Dishes that were still pretty tasty but didn’t 100% work for me were: the sous-vide salmon (because it’s hard to get excited about salmon, no matter how silky), the Munster profiterole (because the Munster was just too stinky, stiff and cold), and the Granny Smith “ile flottante” (for the meringue bit being too spongy).

sous-vide salmon with grapefruit

sous-vide salmon with grapefruit

Munster profiterole with carrot-cumin sorbet

Munster profiterole with carrot-cumin sorbet

Granny Smith apple fake ile flottante

Granny Smith apple fake ile flottante

A wine pairing for the “Amateurs” menu is 52 euros, and I’d highly recommend it. The pairing choices perfectly heightened and/or complemented the flavors of each course (as they are supposed to do), and the options reflected a refreshing broad-mindedness (especially for a Michelin-starred French resto) with only three of eight pairings hailing from France and one even coming from Canada (!).

The one drawback of our meal was that I wasn’t a fan of the restaurant’s decor, which was too heavy on the pastels. Of course, when the food is this interesting and tasty, the decor is pretty irrelevant. At 78 euros, the Amateurs menu was great value, and next time I’m in Aix, I’d love to try out the 120-euro Les Experts menu.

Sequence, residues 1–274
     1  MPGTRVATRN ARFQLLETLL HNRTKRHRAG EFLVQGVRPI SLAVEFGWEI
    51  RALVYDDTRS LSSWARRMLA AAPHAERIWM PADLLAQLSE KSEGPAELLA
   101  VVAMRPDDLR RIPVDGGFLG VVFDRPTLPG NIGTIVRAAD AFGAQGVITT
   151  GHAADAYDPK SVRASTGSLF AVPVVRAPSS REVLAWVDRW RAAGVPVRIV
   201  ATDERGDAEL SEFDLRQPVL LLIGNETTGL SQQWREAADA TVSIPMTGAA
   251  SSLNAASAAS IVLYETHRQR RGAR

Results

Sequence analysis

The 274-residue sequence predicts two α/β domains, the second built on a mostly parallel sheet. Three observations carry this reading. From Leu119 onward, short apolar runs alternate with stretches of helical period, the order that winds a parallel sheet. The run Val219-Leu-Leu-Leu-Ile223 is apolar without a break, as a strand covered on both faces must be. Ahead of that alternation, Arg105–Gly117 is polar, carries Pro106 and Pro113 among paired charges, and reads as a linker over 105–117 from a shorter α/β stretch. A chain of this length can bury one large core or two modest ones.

Restaurant Pierre Reboul, 11 petite rue Saint Jean, 13100 Aix en Provence, +33 (0)4 42 20 58 26

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overpriced tea towels for sale at the "country market" - it can only be Provence

Overpriced tea towels for sale at the "country market"? It can only be Provence.

Jon and I are spending this week in Provence with some friends who have a five-month-old. We feel like we were “just” here, but really it’s been three years since our last trip to Provence, and this time we’re staying in a different part of the region, just outside Aix-en-Provence in a small, charming town called St. Cannat.

Because our friends are new parents, we’ve been cooking in a lot, rather than eating out, which means we’re now already well acquainted with local market schedules as well as with the locations of a hyper-marche or two.

Yesterday, though, we enjoyed a simple lunch outside in the sunshine, sitting beside the Sorgue river in l’Isle sur la Sorgue, a town famous for its Sunday antiques market.